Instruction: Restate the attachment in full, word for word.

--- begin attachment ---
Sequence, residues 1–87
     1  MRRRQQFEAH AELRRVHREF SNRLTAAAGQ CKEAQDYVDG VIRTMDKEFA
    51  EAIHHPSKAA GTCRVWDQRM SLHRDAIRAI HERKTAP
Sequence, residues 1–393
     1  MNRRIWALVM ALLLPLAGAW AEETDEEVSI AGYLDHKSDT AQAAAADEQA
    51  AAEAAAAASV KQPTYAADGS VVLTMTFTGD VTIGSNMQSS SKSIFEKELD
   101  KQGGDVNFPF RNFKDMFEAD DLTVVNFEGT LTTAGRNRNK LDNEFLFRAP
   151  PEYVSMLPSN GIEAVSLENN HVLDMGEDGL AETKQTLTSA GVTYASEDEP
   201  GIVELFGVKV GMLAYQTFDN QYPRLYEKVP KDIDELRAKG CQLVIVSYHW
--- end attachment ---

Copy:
Sequence, residues 1–87
     1  MRRRQQFEAH AELRRVHREF SNRLTAAAGQ CKEAQDYVDG VIRTMDKEFA
    51  EAIHHPSKAA GTCRVWDQRM SLHRDAIRAI HERKTAP
Sequence, residues 1–393
     1  MNRRIWALVM ALLLPLAGAW AEETDEEVSI AGYLDHKSDT AQAAAADEQA
    51  AAEAAAAASV KQPTYAADGS VVLTMTFTGD VTIGSNMQSS SKSIFEKELD
   101  KQGGDVNFPF RNFKDMFEAD DLTVVNFEGT LTTAGRNRNK LDNEFLFRAP
   151  PEYVSMLPSN GIEAVSLENN HVLDMGEDGL AETKQTLTSA GVTYASEDEP
   201  GIVELFGVKV GMLAYQTFDN QYPRLYEKVP KDIDELRAKG CQLVIVSYHW